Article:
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The Mirror of Literature, Amusement, and Instruction Volume 19, No. 531, January 28, 1832

by Various

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Pontrefact, a place of considerable note in English history, is situated about two miles south-west from Ferrybridge, nine miles nearly east from Wakefield, and fifteen miles north-west from Doncaster, in Yorkshire. The origin of the town is unknown; and the etymology of its name has been a matter of dispute, in which figures a monkish legend ascribing the name of Ponsfractus, or Pontefract, to the breaking of a bridge, and the fall of many persons into the river Aire, who were miraculously saved by St. William, Archbishop of York. The river Ouse and the city of York, however, put in a stronger claim as the scene of this miracle, and unfortunately for Pontefract, the town is so named in charters of fifty-three years' date before the miracle is pretended to have been performed. Still the etymology is referable to the breaking down of "some bridge," (pons, bridge; fractus, broken,) but this unravelment is not antiquarian. Camden says, that in the Saxon times, the name of this town was Kirkby, which was changed by the Normans to Pontefract, because of a broken bridge that was there. But as there is no river within two miles of the place, this bridge appears to have been built over the Wash, which lies about a quarter of a mile to the east of the Castle. Other researches prove Pontefract to have been a secondary and subordinate Roman station.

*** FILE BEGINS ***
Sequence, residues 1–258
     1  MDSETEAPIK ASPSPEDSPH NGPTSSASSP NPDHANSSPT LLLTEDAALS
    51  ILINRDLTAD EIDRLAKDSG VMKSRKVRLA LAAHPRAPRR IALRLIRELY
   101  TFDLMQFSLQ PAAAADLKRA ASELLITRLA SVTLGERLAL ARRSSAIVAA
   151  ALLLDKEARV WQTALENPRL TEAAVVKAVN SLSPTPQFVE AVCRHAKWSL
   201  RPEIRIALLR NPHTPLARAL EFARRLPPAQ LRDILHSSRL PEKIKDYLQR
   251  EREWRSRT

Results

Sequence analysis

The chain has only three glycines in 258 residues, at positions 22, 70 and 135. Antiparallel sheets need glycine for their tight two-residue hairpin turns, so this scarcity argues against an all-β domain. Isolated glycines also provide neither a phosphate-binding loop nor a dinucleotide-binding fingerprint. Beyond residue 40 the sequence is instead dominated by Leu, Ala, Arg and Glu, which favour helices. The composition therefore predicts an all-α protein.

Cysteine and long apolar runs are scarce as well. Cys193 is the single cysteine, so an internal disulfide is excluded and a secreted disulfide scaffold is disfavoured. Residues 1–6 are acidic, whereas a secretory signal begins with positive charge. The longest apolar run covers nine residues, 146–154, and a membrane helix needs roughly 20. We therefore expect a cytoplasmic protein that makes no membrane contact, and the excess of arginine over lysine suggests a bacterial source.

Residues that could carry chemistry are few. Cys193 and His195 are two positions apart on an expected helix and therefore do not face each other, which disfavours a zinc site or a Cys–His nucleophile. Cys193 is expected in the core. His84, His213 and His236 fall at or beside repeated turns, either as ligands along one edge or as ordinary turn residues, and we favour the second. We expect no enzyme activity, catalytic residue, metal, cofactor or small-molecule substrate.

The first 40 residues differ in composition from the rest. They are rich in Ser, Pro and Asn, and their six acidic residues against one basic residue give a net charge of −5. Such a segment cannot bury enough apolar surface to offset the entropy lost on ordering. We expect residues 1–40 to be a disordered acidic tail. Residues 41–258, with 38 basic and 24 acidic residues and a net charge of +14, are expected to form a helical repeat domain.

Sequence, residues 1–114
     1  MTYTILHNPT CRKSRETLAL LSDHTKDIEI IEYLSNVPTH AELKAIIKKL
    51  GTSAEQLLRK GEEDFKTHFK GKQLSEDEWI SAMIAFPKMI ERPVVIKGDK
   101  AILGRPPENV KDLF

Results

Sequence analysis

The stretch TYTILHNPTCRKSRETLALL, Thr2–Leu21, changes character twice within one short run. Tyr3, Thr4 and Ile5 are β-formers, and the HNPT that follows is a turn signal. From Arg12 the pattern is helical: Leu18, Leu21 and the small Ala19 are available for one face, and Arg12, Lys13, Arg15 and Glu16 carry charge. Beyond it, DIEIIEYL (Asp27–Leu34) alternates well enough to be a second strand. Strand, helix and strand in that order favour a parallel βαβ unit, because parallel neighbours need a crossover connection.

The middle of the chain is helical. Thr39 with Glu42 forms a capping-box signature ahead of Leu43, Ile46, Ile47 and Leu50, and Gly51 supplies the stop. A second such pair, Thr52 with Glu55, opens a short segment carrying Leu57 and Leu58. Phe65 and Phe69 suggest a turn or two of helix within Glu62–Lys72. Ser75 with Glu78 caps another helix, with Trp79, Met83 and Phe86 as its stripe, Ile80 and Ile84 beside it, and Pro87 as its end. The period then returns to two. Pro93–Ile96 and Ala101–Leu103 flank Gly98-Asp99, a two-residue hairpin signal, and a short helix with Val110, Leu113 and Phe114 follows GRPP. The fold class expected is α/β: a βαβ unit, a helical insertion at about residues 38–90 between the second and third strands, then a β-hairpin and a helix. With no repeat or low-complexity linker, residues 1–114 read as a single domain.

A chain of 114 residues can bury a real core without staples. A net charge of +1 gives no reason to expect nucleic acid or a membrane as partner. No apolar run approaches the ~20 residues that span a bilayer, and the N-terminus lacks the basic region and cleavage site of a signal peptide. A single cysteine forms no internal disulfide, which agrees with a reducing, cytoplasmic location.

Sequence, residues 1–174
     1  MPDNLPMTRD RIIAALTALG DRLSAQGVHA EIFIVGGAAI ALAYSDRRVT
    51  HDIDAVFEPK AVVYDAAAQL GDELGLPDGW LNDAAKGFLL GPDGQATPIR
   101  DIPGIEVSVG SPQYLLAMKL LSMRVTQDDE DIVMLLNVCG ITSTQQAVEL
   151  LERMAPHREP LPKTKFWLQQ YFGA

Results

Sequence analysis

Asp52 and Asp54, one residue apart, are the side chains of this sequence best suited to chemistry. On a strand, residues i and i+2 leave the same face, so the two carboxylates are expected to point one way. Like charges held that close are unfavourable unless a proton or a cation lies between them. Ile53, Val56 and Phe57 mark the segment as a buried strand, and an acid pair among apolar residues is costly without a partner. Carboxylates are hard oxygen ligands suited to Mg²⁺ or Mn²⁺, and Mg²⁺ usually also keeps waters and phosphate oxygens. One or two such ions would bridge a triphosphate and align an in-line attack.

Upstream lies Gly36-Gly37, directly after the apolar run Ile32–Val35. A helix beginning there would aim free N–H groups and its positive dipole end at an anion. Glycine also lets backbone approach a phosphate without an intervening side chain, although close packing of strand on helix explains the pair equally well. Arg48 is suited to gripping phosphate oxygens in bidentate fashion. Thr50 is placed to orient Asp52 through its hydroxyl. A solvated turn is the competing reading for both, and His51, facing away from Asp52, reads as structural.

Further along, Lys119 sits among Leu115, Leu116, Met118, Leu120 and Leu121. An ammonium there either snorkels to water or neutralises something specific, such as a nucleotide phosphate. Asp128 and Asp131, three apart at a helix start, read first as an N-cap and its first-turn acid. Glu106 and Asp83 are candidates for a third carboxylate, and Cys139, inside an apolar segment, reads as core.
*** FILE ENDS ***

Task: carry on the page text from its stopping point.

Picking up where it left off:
The history of the Castle is, of course, involved in that of the manor. The town is stated to have been a burgh in the time of Edward the Confessor; but how long it had enjoyed this privilege is uncertain. After the Conquest, this manor, with 150 others, or the greatest part of so many in Yorkshire, besides ten in Nottinghamshire, and four in Lincolnshire, were given by William to Hildebert, or Ilbert de Lacy, one of his Norman followers, who built the Castle. The work occupied twelve years, and it was finished in 1080. The labour and expense of its erection was so great, that no person unless in the possession of a princely fortune, could have completed a work of such magnitude. Hildebert was succeeded by his son Robert, commonly called Robert de Pontefract, from his being born at that town. Robert enjoyed his vast possessions in peace during the reign of William Rufus; but after the accession of Henry I. he with more ambition than prudence, joined with Robert, Duke of Normandy, the King's brother, who claimed the crown of England. In consequence of this transaction, Robert de Lacy was banished the realm, and the castle and honour of Pontefract were given by the King to Henry Traverse, and afterwards to Henry De-laval. Robert de Lacy was, however, restored after a few years exile, and the property continued in the Lacy family till the year 1193, when another Robert de Lacy dying without issue, the estate and honour of Pontefract devolved on his uterine sister Aubrey de Lisours, who carried these estates of the Lacys by marriage to Richard Fitz-Eustace, constable of Chester. Thence they descended to John Fitz-Eustace, who accompanied Richard I....